(Closed) Calling all Catholics! HELP!

posted 6 years ago in Catholic
Post # 3
Member
635 posts
Busy bee
  • Wedding: October 2012

I think you should consider becoming a member at a parish there in Santa Barbara. I’m assuming you live there now. Then I’d look around and make a list of churches you’d like to get married in. Then call each parish and ask if you can join today and still get married on the date you want. Some might say yes. My Fiance registered at our parish the same day we asked the priest to do our marriage prep for us (we’re getting married where I grew up). It wasn’t a problem.

Just a word of caution though, most churches want 6 months to a year notice if you want to marry in the Catholic church. You’re literally right at the 6 month mark. I’d start calling around ASAP.

Post # 4
Member
347 posts
Helper bee
  • Wedding: April 2010

1.  Find a parish you would like to become a member of.  This parish should be a parish you want to regularly attend Mass at, that you want to be involved in.  The priority should be that the parish will help you grow spiritually rather than merely be a pretty wedding venue. 

2.  Find out when their regular confessions are.  Go to confession.  Make a good confession.  Discuss with the priest your delema:  You want to get married, you just joined the parish, you’ve been told that you have to be a parishioner for a year before you can get married.  Mention your impatience, you’re restlessness and any concerns you have about delaying the wedding putting you in an occassion of sin.  Whatever is pertinent.  Regardless though, this can touch on areas of sin in multiple areas of your life.  Tell the priest you want spiritual direction on what to do.  If he advises you to follow the parish rules and to be patient, than delay you’re wedding until you’ve been a parishioner long enough.  However, seeing that you are serious about practicing your faith because you treated him as a priest and not as the owner of a venue, he may be willing to help you get started on the process sooner.

You may deal with some rude individuals.  My experience is that parishes tend to resent being treated as venues.   They want people to be actively involved in their parishes.  They do not want random people hoping in and out.  As such, the parishes that typically require such a long waiting period after you register is because they want to see that you’re actually serious about being a true member of their parish.

Here is one priest’s prospective of it (I find it funny.  Some may find it offensive)http://www.rev-know-it-all.com/2009/2009—10-04.html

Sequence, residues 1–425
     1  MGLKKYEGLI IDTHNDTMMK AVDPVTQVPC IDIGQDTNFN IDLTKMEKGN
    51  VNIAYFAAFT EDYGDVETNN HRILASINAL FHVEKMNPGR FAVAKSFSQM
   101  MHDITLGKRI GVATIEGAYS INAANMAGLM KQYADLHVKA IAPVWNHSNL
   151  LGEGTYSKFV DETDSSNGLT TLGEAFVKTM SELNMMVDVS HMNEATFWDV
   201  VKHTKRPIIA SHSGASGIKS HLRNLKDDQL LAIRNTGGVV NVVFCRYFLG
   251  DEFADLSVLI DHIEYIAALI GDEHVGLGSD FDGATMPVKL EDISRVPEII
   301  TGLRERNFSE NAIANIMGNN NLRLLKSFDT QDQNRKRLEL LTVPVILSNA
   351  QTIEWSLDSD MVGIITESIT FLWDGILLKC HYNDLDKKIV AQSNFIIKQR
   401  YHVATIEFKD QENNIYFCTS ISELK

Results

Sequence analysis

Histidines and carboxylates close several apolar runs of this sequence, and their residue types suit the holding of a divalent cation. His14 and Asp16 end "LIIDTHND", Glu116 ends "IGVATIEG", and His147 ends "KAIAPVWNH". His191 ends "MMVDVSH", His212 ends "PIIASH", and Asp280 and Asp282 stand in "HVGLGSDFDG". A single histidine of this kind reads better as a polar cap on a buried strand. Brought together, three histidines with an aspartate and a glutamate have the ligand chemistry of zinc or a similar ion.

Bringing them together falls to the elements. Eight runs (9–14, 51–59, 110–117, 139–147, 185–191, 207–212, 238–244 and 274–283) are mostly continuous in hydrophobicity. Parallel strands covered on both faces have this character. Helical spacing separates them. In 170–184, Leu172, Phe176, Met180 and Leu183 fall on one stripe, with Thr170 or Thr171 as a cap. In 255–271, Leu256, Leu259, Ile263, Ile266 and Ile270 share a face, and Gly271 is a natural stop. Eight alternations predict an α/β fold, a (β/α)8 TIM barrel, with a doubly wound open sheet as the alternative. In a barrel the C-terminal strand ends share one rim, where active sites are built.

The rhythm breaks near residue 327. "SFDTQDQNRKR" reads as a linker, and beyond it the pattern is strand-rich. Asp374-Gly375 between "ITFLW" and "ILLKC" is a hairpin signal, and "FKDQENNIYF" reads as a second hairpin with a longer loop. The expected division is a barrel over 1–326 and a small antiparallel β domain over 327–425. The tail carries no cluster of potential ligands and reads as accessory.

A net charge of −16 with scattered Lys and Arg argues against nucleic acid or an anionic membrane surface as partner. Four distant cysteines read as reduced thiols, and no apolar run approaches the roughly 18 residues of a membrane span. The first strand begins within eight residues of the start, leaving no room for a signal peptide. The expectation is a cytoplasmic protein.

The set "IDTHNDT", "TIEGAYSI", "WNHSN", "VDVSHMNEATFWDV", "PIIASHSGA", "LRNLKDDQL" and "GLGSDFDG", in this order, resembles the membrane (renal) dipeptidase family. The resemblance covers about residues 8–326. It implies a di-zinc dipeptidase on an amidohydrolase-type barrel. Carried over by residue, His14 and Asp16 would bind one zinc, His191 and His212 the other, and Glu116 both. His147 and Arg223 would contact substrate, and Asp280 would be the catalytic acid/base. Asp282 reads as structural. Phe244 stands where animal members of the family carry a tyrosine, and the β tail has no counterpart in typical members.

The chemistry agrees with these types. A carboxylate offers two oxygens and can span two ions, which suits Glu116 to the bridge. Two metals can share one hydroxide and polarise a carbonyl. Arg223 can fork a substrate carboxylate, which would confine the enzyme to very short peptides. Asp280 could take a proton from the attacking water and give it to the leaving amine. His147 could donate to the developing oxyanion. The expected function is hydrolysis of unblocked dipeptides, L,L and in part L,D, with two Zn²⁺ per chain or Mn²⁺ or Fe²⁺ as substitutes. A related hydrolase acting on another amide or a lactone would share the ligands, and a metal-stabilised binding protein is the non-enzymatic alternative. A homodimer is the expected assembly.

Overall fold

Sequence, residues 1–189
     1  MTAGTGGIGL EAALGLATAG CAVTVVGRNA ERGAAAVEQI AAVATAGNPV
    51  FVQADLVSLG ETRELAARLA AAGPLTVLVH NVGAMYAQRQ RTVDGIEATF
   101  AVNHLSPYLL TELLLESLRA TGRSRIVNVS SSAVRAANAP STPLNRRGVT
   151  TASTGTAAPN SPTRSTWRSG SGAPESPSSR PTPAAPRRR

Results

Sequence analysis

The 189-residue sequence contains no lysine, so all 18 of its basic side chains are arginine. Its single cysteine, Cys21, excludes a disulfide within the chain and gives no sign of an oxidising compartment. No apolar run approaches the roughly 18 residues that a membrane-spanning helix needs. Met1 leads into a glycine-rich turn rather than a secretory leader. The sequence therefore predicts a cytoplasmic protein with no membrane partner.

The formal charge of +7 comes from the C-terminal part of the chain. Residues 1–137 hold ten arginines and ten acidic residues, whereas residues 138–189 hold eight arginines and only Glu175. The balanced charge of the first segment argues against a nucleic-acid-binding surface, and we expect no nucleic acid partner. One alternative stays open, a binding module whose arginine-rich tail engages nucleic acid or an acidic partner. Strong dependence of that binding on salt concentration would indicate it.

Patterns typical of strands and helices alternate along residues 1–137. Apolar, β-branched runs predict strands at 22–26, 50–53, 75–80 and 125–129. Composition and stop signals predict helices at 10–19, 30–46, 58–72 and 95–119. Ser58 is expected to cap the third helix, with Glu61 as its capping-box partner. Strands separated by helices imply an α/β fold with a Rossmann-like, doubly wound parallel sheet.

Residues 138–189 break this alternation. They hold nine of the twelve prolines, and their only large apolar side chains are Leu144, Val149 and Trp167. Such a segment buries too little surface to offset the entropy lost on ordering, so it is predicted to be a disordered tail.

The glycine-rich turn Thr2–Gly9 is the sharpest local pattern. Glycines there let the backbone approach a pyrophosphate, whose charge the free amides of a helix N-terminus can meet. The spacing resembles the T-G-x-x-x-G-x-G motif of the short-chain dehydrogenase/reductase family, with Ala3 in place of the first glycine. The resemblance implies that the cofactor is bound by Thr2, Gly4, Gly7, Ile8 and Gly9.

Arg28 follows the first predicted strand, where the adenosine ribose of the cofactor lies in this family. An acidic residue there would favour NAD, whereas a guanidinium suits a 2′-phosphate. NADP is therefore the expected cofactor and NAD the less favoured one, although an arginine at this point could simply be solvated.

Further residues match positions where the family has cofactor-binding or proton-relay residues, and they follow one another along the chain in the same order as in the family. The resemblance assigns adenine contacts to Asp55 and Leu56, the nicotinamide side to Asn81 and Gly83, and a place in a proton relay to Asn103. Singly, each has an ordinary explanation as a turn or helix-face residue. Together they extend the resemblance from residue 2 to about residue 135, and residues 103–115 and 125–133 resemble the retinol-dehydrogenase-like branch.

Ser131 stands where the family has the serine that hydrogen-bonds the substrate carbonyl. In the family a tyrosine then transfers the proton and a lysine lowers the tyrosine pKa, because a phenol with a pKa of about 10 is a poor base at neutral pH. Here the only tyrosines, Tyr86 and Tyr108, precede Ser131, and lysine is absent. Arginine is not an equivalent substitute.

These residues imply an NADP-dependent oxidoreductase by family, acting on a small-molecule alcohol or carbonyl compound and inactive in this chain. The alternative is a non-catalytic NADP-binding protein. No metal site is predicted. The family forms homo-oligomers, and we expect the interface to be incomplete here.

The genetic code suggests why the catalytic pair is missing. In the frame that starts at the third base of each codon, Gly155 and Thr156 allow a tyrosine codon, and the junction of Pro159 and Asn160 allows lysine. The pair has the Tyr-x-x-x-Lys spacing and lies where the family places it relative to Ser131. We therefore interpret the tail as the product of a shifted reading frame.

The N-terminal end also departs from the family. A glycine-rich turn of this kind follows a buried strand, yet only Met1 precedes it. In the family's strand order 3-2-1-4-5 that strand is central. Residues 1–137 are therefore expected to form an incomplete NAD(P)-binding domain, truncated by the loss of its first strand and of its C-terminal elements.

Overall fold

Post # 5
Member
1 posts
Wannabee

@fakeitfast:  Are you living together?  Are you a ‘good’ catholic?  

 

These questions aren’t vital, but if you are a ‘good’ catholic, it might make the job easier.  If you’re a practicing catholic and go to mass weekly (or even daily), you might be able get to know a priest faster and show that you’re serious about your marriage.

 

If you are serious about your faith, or even if you think you might want to become serious about it, you can just start attending events in local parishes and get to know people.  This should make finding a priest an easily solved dilemna.  Once you have a priest and a church, you should be able to get around the year rule, if the priest approves.

Post # 6
Member
64 posts
Worker bee
  • Wedding: June 2012

That is the boat I’m in as well.  One church I looked at won’t let non-parishioners marry there at all, another was already booked on my day.  The church I finally got will let us get married in the church, but since I’m not a parishioner I have to pay extra, get marriage preparation at my home parish, have my home parish send a letter proving that I am a parishioner there and I had to find a priest certified in the state we’re getting married in to marry us. 

I would suggest contacting priests at local churches to see if they are available.  If you’re looking for a priest you have a connection with, go to mass at different churches and when you find a priest you like, meet him after mass (most priests stand at the front door after mass “greeting” parishioners) and ask him to marry you 🙂

Also don’t overlook deacons.  We finally found a deacon who was available to marry us.  He can’t celebrate the mass, but the priest preparing us suggested we shouldn’t have a mass because my fiance isn’t Catholic.

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